32 300 Putnam Avenue, Brooklyn Bridge Street Development Corporation 52-unit building with subsidized mortgage and project-based Section 8. Severely distressed: Residents and neighbors abandoned by owners and HUD to criminals and disrepair Sense of chaos HUD Enforcement action to terminate project-based S.8 subsidy and foreclose

33 300 Putnam Avenue, Brooklyn Bridge Street Development Corporation LISC and Urban Homesteading Assistance Board (UHAB) recruited Bridge Street Development Corporation (BSDC) to redevelop. Strategy with tenants, HUD, multiple City agencies and other stakeholders to manage HUD foreclosure process and maintain project-based Section 8. LISC financial support – predevelopment grants and loans; acquisition loan through LISC-supported NYC Acquisition Loan Fund.

34 300 Putnam Avenue, Brooklyn Bridge Street Development Corporation Outcome Eviction of criminals and illegal occupants Thorough rehabilitation. Affordable, well-managed energy efficient building helping to stabilize the neighborhood.

35 Case Study Salem Towers, Malden, MA New England Communities, Inc.

36 Salem Towers, Malden, MA New England Communities, Inc. 81 unit, 9 story octagonal structure: one elevator; balconies are 2nd egress. Completed in 1965, oldest §202 property in New England. No project-based subsidy [consistent with “old-law” §202 status] 3.625% 48 year Mortgage matures in 2014, with unpaid balance of less than $2,000 per unit. §202 rules until recently prevented refinance and recapitalization.

37 Salem Towers, Malden, MA New England Communities, Inc. Single-purpose nonprofit owner, Congregation Beth Israel, does not have redevelopment capacity and wishes to exit from active ownership, while ensuring the long-term viability and affordability of the property. Property will be sold to a joint venture consisting of the existing single-purpose nonprofit and a private developer, with a transfer in fifteen years to the local housing authority.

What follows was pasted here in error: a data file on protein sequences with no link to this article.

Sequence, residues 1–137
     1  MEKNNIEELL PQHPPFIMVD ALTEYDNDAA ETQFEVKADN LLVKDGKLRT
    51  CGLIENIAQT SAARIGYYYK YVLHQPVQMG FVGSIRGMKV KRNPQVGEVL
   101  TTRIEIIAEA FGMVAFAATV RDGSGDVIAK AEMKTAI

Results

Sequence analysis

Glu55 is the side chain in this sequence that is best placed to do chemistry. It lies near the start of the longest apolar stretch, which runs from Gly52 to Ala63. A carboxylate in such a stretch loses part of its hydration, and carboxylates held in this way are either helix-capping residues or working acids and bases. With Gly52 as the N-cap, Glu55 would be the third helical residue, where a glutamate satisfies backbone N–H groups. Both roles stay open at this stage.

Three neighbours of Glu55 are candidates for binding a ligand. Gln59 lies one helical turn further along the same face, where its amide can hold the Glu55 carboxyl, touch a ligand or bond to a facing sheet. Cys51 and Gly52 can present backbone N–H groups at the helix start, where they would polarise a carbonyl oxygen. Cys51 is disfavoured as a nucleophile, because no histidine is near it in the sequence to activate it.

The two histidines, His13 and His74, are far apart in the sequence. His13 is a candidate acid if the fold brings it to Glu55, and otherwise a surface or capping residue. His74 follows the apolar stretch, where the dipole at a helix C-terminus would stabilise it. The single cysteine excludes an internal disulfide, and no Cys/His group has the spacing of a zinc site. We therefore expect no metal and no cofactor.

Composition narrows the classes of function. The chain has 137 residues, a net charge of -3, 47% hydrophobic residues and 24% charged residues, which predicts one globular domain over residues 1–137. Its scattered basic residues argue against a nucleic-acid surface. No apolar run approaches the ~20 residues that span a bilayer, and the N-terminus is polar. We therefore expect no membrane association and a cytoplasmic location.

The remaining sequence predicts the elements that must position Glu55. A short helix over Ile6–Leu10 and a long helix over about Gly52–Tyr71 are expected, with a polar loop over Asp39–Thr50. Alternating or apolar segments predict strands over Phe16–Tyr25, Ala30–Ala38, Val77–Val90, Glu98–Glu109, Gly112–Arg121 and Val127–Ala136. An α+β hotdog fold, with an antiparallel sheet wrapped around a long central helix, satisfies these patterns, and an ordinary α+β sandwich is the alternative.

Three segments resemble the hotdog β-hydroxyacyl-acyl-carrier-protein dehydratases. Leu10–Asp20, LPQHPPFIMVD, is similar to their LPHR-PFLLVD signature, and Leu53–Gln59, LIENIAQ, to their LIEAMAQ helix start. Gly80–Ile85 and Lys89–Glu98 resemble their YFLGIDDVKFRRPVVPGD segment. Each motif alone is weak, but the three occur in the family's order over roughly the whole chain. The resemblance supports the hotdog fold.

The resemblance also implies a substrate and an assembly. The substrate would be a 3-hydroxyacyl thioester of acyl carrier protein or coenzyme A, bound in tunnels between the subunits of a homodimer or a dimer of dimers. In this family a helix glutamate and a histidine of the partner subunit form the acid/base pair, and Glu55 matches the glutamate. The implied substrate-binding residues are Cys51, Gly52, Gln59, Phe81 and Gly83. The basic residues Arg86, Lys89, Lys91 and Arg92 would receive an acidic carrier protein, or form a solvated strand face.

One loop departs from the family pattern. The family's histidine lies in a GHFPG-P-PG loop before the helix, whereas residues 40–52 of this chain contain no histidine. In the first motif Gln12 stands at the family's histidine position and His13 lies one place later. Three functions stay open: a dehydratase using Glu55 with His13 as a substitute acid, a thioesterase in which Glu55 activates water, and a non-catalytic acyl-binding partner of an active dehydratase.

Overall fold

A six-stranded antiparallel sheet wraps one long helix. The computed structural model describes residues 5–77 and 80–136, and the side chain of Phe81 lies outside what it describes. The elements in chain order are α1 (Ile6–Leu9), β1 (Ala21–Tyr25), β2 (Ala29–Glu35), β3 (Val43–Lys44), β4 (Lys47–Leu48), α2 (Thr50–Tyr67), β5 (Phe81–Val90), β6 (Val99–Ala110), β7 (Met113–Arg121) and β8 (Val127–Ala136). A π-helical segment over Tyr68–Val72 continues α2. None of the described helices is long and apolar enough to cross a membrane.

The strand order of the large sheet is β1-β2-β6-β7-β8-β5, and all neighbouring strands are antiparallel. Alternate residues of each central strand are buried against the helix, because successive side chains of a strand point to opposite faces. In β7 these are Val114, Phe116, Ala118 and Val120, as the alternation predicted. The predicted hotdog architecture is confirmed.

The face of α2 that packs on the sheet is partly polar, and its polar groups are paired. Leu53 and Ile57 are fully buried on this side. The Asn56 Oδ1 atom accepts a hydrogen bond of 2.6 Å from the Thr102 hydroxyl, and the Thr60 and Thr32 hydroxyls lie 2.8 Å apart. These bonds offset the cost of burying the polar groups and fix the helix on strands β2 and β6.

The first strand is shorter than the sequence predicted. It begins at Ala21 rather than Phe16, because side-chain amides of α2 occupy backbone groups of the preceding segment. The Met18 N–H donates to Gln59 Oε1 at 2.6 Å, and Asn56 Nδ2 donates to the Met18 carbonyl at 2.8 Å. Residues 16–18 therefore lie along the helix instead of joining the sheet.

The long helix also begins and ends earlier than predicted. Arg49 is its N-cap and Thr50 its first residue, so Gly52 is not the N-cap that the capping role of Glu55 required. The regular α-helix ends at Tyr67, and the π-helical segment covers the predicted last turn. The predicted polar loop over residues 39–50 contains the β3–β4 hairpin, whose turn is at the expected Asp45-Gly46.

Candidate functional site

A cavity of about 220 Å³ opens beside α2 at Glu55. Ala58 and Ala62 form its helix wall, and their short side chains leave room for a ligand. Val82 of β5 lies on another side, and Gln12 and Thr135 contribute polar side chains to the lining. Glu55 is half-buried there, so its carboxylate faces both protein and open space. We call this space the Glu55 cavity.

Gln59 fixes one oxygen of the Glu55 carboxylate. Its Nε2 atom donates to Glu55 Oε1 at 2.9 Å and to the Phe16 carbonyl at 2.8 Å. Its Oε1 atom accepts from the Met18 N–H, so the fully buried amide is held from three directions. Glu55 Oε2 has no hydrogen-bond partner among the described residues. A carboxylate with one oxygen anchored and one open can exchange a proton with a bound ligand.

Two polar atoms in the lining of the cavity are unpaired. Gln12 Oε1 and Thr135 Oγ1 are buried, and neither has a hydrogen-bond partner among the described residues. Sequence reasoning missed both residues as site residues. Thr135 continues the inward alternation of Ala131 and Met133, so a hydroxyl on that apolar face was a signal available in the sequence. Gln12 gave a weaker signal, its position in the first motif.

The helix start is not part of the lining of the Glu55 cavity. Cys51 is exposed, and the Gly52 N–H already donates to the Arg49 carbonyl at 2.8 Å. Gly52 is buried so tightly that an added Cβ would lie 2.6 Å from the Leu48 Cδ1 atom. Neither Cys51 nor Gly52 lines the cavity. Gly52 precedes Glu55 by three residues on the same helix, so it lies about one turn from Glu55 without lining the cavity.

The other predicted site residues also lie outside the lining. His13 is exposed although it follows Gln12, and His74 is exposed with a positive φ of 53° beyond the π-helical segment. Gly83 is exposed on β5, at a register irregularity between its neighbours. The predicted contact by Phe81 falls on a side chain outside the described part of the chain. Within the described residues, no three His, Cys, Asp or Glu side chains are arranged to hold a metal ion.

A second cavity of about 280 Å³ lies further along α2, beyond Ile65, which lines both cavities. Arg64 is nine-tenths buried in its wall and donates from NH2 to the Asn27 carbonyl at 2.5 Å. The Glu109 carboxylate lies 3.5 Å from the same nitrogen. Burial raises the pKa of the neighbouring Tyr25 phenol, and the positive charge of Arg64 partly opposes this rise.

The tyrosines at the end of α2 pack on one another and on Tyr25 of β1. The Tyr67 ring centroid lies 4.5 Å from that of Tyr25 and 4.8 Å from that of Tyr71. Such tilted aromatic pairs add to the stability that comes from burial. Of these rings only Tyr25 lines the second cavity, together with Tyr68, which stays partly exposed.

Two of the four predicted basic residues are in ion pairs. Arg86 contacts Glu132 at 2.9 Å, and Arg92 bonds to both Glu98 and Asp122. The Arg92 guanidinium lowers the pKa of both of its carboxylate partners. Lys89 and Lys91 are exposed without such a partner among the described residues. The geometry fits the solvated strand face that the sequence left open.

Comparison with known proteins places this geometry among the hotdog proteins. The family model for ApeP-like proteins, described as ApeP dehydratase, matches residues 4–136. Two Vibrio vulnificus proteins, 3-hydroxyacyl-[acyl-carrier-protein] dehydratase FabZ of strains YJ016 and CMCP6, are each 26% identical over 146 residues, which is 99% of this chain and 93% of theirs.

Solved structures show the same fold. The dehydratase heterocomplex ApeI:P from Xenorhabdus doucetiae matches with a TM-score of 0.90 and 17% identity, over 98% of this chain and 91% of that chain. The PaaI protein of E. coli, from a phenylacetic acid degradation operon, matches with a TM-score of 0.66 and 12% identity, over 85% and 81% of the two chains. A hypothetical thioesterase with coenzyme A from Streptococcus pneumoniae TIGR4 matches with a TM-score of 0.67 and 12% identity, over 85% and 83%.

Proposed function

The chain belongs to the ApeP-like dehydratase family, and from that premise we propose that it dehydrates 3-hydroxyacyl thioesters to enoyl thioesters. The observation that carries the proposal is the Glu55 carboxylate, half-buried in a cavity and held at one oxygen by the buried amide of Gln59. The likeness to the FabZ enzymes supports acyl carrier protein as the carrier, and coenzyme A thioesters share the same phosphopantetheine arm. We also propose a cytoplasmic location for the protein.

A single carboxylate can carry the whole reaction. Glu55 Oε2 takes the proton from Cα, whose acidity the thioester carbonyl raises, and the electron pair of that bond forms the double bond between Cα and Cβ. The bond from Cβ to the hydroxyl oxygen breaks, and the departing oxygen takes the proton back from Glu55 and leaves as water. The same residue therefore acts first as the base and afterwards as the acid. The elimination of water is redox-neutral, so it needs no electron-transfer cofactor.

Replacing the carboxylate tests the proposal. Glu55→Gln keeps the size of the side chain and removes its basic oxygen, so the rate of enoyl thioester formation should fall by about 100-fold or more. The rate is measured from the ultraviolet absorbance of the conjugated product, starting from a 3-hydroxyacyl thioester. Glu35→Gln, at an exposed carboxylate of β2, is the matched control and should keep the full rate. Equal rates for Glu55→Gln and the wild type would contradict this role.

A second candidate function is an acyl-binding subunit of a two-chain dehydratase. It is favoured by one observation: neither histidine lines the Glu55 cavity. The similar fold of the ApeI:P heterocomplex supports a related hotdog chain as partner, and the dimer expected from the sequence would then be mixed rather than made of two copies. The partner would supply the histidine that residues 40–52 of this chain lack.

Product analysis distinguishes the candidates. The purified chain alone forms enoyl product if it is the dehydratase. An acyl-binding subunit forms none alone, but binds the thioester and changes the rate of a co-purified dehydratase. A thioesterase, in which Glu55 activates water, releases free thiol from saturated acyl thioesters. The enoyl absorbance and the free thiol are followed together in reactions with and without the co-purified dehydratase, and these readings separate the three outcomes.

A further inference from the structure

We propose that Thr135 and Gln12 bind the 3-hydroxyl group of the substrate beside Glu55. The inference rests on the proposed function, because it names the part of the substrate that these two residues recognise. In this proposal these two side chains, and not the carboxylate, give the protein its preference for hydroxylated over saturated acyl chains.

38 Salem Towers, Malden, MA New England Communities, Inc. Tax-exempt bond - 4% LIHTC financing New Section 8 Enhanced Vouchers (EVs), pursuant to new authority in the FY 2009 appropriations bill for “old-law” §202 properties Malden Housing Authority Project-Based Vouchers will replace EVs on turnover. HUD waiver obtained. HOME funds Gap financing from state general obligation bond programs

39 Salem Towers, Malden, MA New England Communities, Inc. Outcome Second elevator; upgrade original single cab. Eight (8) accessible units for persons with disabilities Twenty-four (24) larger units adaptable for persons with disabilities Expanded common facilities: 800 s.f. to be added Common area restrooms made accessible Major site improvements for accessibility and traffic safety New entrance, drop off area added New windows, heating and air conditioning units New carpeting and flooring in apartment units Upgraded kitchens and baths

40 Publications: Preservation Basics

41 Publications: Nonprofit Owners

42 Publications: Green Preservation www.lisc.org/greenpreservation

43 Who’s On Our Team? Vince O’Donnell, VP for Preservation; 617-338-5170; vodonnell@lisc.orgvodonnell@lisc.org Celia Smoot, Senior Program Officer; 202-739-9271; csmoot@lisc.org Callie Seltzer, Program Assistant; 202-739-9279; cseltzer@lisc.orgcseltzer@lisc.org